The Vital Guide to Capturing UX Requirements
Pilots will tell you that being off course by just one degree, after flying 60 miles, you will miss your target by a mile. That’s called the 1 in 60 rule.
For UI/UX design, getting the right UX design requirements at the very beginning is just as important as for aviators. The further you move the wrong way, the more remarkable your mistake gets. Finally, the difference between a successful product design and a miserable fiasco often comes down to a tiny error made on a stage of requirement elicitation.
By failing to prepare, you are preparing to fail
Requirement elicitation simply means a process of information transfer between a client and a designer. Neither designers nor their clients want a misunderstanding to occur at this stage, but…
39% of failed projects fail because of inaccurate requirements gathering.
So why does requirement elicitation so often go painfully wrong?
It won’t probably go wrong with in-house designers on board. The client will just explain to their fellow designers what the app needs, and high chances are they will understand. Because they’ve been to hundreds of team status meetings, they’ve read miles of Slack discussions on topic and they already know what the app is about.
In other words, in-house specialists understand the context.
When an agency or freelancers come into play, they start as strangers with expertise in UI/UX but no knowledge of the niche and product.
For designers, it’s like driving a car in a new city without GPS. They will have to ask questions. Sometimes the clients may or may not realize the number of questions they will ask. They come with a request that sounds something like this:
“Help me to design/redesign this MVP/app/website”
That’s not enough to open a graphic editor and start wireframing. Designers also need to:
- Understand the idea of the product, its goals, and objectives;
- Cover the project’s scope;
- Check what have been already done;
- Define the audience;
- Explore the competition;
- Set the approximate schedule;
- Agree on production control;
- Determine the budget.
Start with the overview of the project
When you don’t know what to start from, start with the project overview. Figure out the app’s function, the idea of the product, its goals and objectives, its future functionality.
Another primary aim is to lay out exactly what your project scope is. In other words, what you or your team are going to do for the client.
Check what have been already done
In most cases, you don’t start designing from the ground up. Take inventory of what you already have and can use in your work so that you don’t reinvent the wheel. Maybe the app has an MVP version for you to start from, or a collection of reusable components that are used in layouts? Pretty sure, any existent product has its brand colors and types, and some other creative and analytical assets.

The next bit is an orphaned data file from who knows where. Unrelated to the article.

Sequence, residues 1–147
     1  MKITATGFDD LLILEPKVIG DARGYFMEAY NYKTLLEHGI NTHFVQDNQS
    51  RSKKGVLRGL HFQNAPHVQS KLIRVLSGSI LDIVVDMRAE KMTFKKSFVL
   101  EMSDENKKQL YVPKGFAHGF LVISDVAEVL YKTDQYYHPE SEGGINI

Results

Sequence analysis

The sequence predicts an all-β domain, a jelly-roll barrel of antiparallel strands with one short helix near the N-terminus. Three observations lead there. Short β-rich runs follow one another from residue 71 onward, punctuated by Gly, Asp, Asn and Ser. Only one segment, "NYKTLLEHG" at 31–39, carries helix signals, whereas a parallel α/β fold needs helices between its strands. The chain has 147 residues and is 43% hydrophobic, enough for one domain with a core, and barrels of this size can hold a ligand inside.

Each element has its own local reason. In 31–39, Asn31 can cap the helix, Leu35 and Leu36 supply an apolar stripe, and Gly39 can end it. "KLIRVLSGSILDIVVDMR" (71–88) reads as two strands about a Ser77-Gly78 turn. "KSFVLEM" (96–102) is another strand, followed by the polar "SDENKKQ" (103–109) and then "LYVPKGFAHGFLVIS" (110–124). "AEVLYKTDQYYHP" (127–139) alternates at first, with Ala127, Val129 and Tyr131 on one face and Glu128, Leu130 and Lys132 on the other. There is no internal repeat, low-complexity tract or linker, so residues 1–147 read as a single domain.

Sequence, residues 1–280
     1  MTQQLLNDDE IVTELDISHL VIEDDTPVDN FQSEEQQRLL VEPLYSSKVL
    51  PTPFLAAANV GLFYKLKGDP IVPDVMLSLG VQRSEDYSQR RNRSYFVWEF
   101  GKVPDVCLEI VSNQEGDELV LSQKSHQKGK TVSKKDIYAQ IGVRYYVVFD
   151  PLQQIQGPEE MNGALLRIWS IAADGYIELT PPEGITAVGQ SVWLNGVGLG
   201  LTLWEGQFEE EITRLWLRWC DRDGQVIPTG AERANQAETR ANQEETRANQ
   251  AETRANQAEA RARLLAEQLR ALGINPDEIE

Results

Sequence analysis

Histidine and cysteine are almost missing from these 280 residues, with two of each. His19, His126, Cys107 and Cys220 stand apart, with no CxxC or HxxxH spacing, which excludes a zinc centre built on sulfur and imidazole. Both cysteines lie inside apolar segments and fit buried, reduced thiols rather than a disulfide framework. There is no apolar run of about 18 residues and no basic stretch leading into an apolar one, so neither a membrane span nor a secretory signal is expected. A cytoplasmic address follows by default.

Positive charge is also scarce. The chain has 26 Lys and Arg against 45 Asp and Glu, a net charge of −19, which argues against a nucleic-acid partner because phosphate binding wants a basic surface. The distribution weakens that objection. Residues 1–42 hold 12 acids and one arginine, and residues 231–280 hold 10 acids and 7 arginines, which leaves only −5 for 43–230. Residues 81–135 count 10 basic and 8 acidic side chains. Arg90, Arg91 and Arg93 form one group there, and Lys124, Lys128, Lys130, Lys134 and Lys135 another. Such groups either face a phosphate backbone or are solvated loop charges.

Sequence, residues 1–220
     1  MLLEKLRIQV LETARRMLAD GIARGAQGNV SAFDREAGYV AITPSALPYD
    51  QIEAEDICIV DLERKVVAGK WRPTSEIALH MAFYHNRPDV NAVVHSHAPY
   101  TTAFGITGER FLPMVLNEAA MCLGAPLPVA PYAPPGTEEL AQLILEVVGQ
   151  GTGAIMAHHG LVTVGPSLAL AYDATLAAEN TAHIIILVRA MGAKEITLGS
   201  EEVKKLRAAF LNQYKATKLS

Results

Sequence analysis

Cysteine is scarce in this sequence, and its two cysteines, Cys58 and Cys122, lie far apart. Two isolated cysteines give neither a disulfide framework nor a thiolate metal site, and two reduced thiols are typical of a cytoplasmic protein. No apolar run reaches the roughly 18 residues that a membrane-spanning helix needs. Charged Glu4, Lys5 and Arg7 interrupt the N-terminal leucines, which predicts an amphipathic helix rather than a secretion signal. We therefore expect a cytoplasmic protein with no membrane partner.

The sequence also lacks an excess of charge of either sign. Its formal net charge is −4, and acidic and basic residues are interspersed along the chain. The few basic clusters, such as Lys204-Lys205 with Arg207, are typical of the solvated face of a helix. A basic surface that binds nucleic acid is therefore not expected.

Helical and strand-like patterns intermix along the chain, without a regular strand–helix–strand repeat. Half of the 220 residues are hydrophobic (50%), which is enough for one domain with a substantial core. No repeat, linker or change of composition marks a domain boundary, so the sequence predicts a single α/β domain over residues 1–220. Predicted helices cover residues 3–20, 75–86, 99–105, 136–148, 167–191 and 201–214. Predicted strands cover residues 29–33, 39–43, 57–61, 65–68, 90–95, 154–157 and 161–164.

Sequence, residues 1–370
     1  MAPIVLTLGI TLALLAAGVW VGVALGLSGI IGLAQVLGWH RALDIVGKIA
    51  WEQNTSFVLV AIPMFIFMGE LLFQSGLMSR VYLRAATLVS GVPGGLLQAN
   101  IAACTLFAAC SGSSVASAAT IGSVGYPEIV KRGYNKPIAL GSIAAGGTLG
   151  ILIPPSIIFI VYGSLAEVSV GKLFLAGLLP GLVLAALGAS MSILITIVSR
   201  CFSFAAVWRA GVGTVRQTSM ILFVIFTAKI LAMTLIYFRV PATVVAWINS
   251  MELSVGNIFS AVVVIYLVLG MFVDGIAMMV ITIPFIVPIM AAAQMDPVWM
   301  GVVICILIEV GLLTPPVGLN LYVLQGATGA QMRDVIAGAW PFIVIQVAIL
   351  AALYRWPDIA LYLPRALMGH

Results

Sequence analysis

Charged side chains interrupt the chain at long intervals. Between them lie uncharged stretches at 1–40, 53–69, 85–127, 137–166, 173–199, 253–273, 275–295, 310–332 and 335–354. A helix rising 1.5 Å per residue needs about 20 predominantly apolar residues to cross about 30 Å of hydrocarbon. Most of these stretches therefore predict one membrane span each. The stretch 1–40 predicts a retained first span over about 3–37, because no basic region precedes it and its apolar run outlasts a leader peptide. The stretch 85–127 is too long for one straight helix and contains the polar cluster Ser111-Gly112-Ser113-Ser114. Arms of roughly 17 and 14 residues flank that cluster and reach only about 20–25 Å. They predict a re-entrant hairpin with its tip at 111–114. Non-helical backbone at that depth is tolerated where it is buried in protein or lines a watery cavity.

These assets have a direct impact on the design project, so make sure you take inventory of all relevant information beforehand.
Define the app’s target audience
People ignore design that ignores people. User experience design, as the name suggests, is focused on creating stuff that never ignores people. The cornerstone of UX design is understanding who are the users, what are their pains and gains. Which is never an easy task.
To move closer to understanding the customers, you need a tool that sits somewhere in between the synthetic term “audience” and the fractional reality of 1,123,654 different users all of whom are not like the other.
That tool is buyer personas.
User personas are somewhere in between
If you’re lucky, your client might already have drafted personas for their target audience. If not, you will need to create them on your own. Later, personas will become a basis for user flows.
Explore the market competition
Except for some rare cases, products don’t live in a vacuum. They are born to compete with another product or a bunch of products that operate in the same market segment. So basic understanding of the competitive landscape is a must for a designer to start.
Moreover, understanding the competitors’ strengths and weaknesses helps to decide on the angle of your design project, its identity and possible competitive edge.
A fragment of competitors’ review
Decide on some basic schedule
Two things in life are certain: death and taxes. A design project plan is not on the list. Because the product design process often looks like navigating through the fog of uncertainty.
Yet precision is what clients often seek from designers. From day one, they want to know how long the whole process would take and how each step would look like.
What a designer can do here is to compare the new project to the prior ones. It helps to roughly estimate in a cursory glance whether the UX scope of work is going to be large (6+ months), medium (2-5 months), or small (a couple of weeks).
At the beginning of any project, you never know how long this is going to take
As you learn more about the project, you can specify the terms better. Usually, after a few iterations, a designer can speak about the schedule confident enough.
Wrapping up the UX requirements gathering
There’s a quote widely attributed to Abraham Lincoln, saying “Give me six hours to chop down a tree and I will spend the first four sharpening the axe.”
Gathering UX requirements is no small task, but it creates a solid foundation for your further work. It allows us to round the obstacle and shape the expectations for both customers and designers.
The art of requirement capturing becomes especially important now, as we’re entering the work from home revolution. Maintaining a dialog becomes exponentially more difficult as we’re separated by screens and miles. Consistent, meaningful and clear communication is now important more than ever before.